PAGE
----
South Africa is among a small group of uniquely unequal countries; if inequality acts as a constraint on growth – and greater equity unlocks it – how does it do so? What are the transmission mechanisms that lead to this effect? Can it be assumed that all forms of inequality are equal in this respect?
All forms of inequality impact negatively on social stability - people all over the world place a high value on fairness and equity, it seems. Such social instability has economic effects. Economic actors typically respond by reducing the scope of their activities, hedging their bets, limiting their risk, off-shoring their assets and investing in financial instruments that allow them flexibility rather than investing in productive activity that could create inclusive forms of growth.
About the Speakers
José Gabriel Palma is a Senior Lecturer in the Faculty of Economics, Cambridge University. He has a D. Phil in Economics from Oxford University, a PHD from Cambridge University (by incorporation) and a D. Phil in Political Science from Sussex University. He worked during the Government of Salvador Allende in the nationalisation of the copper industry, and after his graduate work in the UK he worked as a lecturer at the universities of London, Sussex, Oxford and Cambridge. He has published articles and books dealing with the economics of developing countries, with a strong focus on Latin America and Asia. He has also written extensively on inequality, financial liberalisation and financial crises, industrial policy, de-industrialisation, the history of ideas in development economics and politics, and Latin American economic history.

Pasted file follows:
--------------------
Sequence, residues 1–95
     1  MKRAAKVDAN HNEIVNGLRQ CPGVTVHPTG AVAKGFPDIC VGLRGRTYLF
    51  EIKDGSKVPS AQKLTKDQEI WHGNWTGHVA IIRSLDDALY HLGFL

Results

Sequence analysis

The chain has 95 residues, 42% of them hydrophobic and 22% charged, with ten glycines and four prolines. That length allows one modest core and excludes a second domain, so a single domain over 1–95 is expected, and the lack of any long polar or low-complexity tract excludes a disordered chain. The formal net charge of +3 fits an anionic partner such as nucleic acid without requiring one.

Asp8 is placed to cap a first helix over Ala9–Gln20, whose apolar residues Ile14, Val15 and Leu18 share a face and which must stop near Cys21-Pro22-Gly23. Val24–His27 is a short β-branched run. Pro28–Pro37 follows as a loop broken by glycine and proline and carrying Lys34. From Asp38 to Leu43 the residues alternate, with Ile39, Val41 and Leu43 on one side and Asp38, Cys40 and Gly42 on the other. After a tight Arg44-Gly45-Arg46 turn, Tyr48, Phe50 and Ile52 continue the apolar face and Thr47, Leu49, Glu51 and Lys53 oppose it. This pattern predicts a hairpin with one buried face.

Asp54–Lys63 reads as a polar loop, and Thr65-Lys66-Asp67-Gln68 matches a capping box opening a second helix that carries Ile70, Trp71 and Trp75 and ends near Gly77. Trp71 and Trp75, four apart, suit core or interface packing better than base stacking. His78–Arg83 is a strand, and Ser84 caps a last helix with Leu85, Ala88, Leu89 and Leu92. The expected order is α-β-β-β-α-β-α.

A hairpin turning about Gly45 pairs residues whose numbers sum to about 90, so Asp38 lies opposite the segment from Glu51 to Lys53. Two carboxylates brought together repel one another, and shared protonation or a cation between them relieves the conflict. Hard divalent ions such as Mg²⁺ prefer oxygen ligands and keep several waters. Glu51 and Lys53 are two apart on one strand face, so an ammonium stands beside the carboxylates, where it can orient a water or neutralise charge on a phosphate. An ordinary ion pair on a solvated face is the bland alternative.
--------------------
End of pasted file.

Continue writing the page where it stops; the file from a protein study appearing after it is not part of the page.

Kate Philip has extensive experience in the development sector as a practitioner and in policy development, focused on issues of economic marginalisation, inequality, employment and enterprise development. She has provided advisory support to the South African Presidency on issues of inequality and economic marginalisation and through TIPS, she was lead author on a UNDP Working Paper entitled ‘The impacts of social and economic inequality on economic development in South Africa’. She played a central role in the design and development of South Africa’s Community Work Programme, and is currently supporting the Government of Greece in the design of a public employment programme. She is also a Senior Adviser to GTAC in National Treasury. Her PhD from the University of the Witwatersrand in 2007 is entitled: ‘Enterprise on the margins: making markets work for the poor?’